Namibia: 'The Namibian' Wins Appeal in Defamation Case

A WIN which a Windhoek-based lawyer scored against The Namibian and its editor in a defamation case in the High Court two years ago has turned into defeat in the Supreme Court.

Editorial commentary by The Namibian's editor, Tangeni Amupadhi, about a house transaction involving a lawyer, his former domestic worker, a property donation and an eviction, which was published in the newspaper on 15 July 2016, was fair comment, the Supreme Court ruled yesterday in a split decision in which it upheld an appeal against the High Court judgement that ended with Amupadhi and the company owning The Namibian being held liable for defamation.

The Supreme Court set aside the High Court's order, replacing it with an order that lawyer Vincent du Toit's legal action against Amupadhi and The Free Press of Namibia is dismissed with costs.

The court also ordered that Du Toit should pay the legal costs of Amupadhi and the newspaper in the appeal.

In the court's majority judgement, acting judge of appeal Jeremiah Shongwe said the comments which Amupadhi made in his editorial column were based on facts which were true or substantially true and were honest, reasonable and made in good faith.

He said Amupadhi's comments dealt with matters of public interest, namely poor people's access to housing, and professionals and wealthier members of society profiteering from having access to housing traditionally earmarked for poor people.

The High Court should have found that Amupadhi's remarks in the editorial constituted fair comment, Shongwe stated.

Appeal judge Elton Hoff agreed with Shongwe's judgement, but appeal judge Sylvester Mainga did not. In a minority judgement, Mainga concluded that he would have upheld the appeal of Amupadhi and The Free Press of Namibia only partially, by lowering the amount awarded to Du Toit in the High Court from N$100 000 to N$60 000.

Amupadhi commented on the outcome of the appeal yesterday: "The judgement is a victory for anyone who values freedom of expression for individuals and the media alike. The majority judgement confirms the importance of robust commentary, criticism and debate, which are the oxygen of any democratic society."

He added: "However, the minority decision is concerning because it does not seem to appreciate fair comment, even if such criticism was harsh, as long as the opinion is substantially based on facts. In the minority judgement it appears too much weight was given to the rights of an individual at the expense of the greater public interest.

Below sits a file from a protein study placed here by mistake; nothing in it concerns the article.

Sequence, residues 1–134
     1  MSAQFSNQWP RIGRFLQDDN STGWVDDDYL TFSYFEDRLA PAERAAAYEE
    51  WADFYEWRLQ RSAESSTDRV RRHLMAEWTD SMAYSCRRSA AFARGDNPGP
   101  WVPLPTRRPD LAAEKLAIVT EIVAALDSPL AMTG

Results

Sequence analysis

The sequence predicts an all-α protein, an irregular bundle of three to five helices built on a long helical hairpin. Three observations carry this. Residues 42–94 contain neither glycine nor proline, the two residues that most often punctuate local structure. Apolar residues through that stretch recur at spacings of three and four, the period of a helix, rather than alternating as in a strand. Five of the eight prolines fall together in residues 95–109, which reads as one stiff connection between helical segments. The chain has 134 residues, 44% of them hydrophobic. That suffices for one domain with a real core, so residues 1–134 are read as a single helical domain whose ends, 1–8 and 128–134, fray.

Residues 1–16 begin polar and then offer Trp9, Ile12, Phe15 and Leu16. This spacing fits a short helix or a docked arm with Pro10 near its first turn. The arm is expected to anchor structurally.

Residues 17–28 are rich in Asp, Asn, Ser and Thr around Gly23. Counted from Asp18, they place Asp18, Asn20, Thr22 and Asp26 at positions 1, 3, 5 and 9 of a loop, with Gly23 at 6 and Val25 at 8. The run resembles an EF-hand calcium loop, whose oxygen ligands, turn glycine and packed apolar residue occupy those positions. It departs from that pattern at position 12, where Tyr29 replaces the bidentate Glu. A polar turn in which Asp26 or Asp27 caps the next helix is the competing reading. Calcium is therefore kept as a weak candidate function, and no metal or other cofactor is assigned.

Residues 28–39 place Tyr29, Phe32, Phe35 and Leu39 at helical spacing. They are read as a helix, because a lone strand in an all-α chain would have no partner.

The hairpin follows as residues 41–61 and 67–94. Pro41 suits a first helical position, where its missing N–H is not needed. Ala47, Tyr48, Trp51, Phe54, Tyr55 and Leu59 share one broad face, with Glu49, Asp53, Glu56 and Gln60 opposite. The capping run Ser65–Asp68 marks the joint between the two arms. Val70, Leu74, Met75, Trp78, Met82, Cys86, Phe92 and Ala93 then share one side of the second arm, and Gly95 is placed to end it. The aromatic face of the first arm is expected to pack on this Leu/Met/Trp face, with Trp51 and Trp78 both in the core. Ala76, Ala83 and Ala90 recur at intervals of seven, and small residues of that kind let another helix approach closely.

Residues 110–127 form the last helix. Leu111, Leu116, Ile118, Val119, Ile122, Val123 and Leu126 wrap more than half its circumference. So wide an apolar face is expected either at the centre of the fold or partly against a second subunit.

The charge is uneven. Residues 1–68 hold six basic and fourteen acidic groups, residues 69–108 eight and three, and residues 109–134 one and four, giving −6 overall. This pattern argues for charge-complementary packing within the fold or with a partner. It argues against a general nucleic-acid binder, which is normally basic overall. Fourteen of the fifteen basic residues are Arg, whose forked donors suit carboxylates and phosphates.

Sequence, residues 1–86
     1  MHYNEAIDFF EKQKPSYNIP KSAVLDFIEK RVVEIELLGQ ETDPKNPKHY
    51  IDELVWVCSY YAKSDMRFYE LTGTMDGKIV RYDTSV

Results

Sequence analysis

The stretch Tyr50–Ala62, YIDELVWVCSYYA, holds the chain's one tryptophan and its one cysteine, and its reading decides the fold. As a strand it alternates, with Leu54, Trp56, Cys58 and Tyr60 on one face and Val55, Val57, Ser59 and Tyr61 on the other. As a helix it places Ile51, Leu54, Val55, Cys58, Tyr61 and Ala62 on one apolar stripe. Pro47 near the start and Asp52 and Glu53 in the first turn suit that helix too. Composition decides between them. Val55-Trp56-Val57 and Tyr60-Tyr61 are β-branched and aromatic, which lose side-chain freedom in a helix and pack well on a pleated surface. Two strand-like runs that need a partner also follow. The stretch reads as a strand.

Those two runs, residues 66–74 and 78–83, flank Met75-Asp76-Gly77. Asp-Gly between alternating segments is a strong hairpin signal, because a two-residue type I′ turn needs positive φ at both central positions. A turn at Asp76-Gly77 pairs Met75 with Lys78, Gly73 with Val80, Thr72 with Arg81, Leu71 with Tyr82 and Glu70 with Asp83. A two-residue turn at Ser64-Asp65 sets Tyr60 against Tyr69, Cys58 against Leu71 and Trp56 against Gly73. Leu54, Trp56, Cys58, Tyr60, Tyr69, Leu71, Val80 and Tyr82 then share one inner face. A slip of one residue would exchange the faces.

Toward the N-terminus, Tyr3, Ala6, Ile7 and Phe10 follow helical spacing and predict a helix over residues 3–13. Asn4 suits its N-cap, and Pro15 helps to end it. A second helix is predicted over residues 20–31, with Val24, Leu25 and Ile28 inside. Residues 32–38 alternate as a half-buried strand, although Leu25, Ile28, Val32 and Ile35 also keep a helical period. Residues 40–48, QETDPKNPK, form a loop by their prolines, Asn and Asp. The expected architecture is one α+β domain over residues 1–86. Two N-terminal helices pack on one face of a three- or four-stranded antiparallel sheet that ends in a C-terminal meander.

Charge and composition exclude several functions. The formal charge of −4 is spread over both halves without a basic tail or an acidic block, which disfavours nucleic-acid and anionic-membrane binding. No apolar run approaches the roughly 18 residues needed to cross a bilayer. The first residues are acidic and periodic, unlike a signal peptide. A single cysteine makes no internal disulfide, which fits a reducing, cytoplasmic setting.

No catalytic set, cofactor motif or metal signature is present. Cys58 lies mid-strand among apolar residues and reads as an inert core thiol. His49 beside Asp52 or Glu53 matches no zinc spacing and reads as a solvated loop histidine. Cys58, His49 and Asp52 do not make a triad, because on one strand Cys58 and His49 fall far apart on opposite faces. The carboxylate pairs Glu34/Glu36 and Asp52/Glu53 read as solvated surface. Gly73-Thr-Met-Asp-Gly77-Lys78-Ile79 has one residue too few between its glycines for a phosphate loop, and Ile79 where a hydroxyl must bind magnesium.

"We trust the judgement establishes a precedent that promotes civil and robust exchanges of different opinions instead of making people afraid to criticise."

Du Toit sued Amupadhi and the newspaper over an editorial in which Amupadhi referred to an article about a donation of a house in Katutura that a domestic worker employed by Du Toit made to him and Du Toit's eviction of the previous owner of the house, after the property had been sold to him at an auction over municipal debts of N$33 000 which the initial owner had.

He also made general comments about indebted poor people who lose their homes as a result of relatively small debts, often to professional people taking advantage of their plight.

In the High Court, judge Herman Oosthuizen concluded that the editorial comment contained contextually wrong facts and constituted a defamatory opinion about Du Toit.

Mainga said in his judgement that freedom of expression, while being an important right in a democracy, is not absolute and needs to be balanced against an individual's right to dignity. He concluded that the editorial comment did not meet the test to be regarded as fair comment.

Shongwe noted it was not in dispute that the comments made by Amupadhi were in the public interest. However, Du Toit disputed the fairness of those comments.

Shongwe remarked that in his view, Du Toit profited unfairly from the supposed donation of the house to him, as his former domestic worker did not receive any benefit from the increase of the value of the house over the six years the property had been registered in her name, while the initial owner refused to vacate the property.

He stated that in his view "all the facts relied on by [Amupadhi] are true or substantially true, fair and without malice", and that Amupadhi did not twist or fabricate the facts on which his comments were based.

Amupadhi "was perfectly entitled to ventilate his view of what he perceived to be an uncaring society", Shongwe added.

It was open to Amupadhi, as it was to any citizen in Namibia, to be critical of a system, from which Du Toit benefited, in which people were evicted from their houses because of relatively insignificant debts, and he was also perfectly entitled to have an opinion that the circumstances surrounding the donation of the house to Du Toit by his former domestic worker had been dubious, Shongwe stated.

Senior counsel Gilbert Marcus, assisted by Ramon Maasdorp, represented the newspaper and Amupadhi on instructions from the law firm AngulaCo Inc.

Andries van Vuuren, instructed by Sean McCulloch, represented Du Toit.

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